Friday, August 2, 2013

Reza Aslan’s “I was just like you” Argument


Agnostic and Bible critic, Bart Ehrman, has often claimed that he had been the most zealous of evangelicals before attending grad school. Reza Aslam, Professor of Islamic studies takes it a step further. Although Iranian and Muslim by birth, his family immigrated to the USA to escape the Ayatollah Khomeni. In the USA, he wanted to be just like the other kids – Christian! So he became a flaming evangelical, sharing his faith with whomever. However, he took that all-too-common fatal step and entered the radical propaganda factory we call “college,” and all hell broke loose:

  • The sudden realization that this belief is patently and irrefutably false, that the Bible is replete with the most blatant and obvious errors and contradictions — just as one would expect from a document written by hundreds of different hands across thousands of years — left me confused and spiritually unmoored. And so, like many people in my situation, I angrily discarded my faith as if it were a costly forgery I had been duped into buying.
Amazingly, his university-bred anger allowed him no opportunity or interest for reading that many able defenses of the Bible. Instead, he uncritically returned to Islam:

  • I began to rethink the faith and culture of my forefathers, finding in them a deeper, more intimate familiarity than I ever had as a child, the kind that comes from reconnecting with an old friend after many years apart.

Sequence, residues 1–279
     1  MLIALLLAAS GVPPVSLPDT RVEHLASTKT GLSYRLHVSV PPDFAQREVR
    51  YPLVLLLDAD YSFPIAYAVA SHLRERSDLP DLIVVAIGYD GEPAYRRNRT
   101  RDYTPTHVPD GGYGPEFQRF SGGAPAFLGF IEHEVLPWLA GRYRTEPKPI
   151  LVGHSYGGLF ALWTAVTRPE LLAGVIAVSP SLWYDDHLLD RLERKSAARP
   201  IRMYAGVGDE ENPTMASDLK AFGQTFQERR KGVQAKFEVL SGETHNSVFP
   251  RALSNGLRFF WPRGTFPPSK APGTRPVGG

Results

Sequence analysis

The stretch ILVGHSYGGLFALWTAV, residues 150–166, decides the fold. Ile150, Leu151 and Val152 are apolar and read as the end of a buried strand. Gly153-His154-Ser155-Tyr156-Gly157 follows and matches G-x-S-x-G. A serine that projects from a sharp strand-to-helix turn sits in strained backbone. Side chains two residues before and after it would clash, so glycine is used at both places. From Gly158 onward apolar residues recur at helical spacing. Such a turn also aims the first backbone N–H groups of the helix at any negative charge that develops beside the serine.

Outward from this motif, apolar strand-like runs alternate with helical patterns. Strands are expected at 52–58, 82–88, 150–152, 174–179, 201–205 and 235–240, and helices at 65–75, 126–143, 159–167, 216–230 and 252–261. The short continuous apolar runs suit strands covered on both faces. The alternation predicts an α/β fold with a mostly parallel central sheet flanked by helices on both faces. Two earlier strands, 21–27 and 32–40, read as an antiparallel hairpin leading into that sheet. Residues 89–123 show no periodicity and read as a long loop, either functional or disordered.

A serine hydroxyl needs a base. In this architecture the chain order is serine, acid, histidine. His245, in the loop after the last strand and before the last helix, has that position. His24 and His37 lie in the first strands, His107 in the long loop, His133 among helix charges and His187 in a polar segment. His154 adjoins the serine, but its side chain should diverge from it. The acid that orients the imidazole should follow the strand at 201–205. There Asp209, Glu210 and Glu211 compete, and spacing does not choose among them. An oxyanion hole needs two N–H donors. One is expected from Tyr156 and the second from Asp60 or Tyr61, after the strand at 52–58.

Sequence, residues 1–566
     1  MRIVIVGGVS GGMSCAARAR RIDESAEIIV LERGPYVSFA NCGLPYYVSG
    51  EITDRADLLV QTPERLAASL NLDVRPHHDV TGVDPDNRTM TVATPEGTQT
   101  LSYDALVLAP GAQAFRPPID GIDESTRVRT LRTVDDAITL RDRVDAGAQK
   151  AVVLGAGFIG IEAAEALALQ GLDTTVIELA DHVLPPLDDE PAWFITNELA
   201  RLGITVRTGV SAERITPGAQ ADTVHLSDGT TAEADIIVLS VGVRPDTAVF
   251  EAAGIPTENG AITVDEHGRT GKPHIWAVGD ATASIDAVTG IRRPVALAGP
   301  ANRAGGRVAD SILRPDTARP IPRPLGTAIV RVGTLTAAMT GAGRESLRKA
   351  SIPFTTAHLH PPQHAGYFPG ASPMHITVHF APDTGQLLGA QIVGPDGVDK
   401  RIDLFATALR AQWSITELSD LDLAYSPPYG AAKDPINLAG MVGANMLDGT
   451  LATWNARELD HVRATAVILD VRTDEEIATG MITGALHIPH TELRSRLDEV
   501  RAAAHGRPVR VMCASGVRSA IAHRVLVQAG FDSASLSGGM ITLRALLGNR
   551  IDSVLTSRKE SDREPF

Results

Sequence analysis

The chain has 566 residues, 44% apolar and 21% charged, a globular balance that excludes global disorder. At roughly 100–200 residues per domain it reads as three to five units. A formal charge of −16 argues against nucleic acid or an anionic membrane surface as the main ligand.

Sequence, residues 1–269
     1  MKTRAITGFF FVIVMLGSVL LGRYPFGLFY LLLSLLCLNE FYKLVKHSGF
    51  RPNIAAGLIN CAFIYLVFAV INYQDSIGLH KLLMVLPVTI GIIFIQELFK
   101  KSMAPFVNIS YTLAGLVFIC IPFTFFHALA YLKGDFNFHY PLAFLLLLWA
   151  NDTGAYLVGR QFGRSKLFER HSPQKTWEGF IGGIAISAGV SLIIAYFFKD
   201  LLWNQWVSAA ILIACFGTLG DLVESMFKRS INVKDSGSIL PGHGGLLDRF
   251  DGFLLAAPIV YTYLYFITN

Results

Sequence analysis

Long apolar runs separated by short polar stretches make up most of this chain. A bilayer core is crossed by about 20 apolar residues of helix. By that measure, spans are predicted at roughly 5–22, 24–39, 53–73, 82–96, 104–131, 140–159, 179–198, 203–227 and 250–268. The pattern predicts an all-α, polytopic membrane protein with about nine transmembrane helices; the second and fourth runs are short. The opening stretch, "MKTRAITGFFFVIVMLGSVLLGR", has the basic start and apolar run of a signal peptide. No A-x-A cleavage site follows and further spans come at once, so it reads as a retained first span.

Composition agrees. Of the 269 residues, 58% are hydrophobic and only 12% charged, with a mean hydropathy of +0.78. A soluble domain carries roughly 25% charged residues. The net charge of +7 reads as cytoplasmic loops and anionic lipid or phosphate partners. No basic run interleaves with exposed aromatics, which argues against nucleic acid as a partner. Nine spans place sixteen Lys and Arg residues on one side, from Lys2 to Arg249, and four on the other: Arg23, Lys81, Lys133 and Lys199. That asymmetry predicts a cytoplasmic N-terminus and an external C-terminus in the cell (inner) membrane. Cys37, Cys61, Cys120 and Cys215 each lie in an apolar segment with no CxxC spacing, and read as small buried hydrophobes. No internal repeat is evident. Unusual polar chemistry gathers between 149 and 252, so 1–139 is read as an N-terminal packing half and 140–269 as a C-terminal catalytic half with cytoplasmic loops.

However, Aslan, author of the new book, Zealot: The Life and Times of Jesus of Nazareth, hasn’t rejected “Jesus” entirely – just the Christian, biblical Jesus. His Jesus is now the Jesus of the Koran:

  • Today, I can confidently say that two decades of rigorous academic research into the origins of Christianity has made me a more genuinely committed disciple of Jesus of Nazareth than I ever was of Jesus Christ. I have modeled my life not after the celestial spirit whom many Christians believe sacrificed himself for our sins, but rather after the illiterate, marginal Jew who gave his life fighting an unwinnable battle against the religious and political powers of his day on behalf of the poor and the dispossessed – those his society deemed unworthy of saving.
In coming to this opinion, Aslan has uncritically accepted a book, the Koran, defended by threats of violence, filled with contradictions, while tossing aside the Bible, which has withstood critical assault for centuries. Even the critic Ehrman asserts:

  • The oldest and best sources we have for knowing about the life of Jesus…are the four Gospels of the NT…This is not simply the view of Christian historians who have a high opinion of the NT and in its historical worth; it is the view of all serious historians of antiquity…it is the conclusion that has been reached by every one of the hundreds (thousands, even) of scholars. (Truth and Fiction in the DaVinci Code, p. 102)
Were Ehrman and Aslan ever truly Christians? Rather than trying to answer this question, it is clear that by invoking this “I was just like you” narrative, they feel that they can make their present stance more credible.

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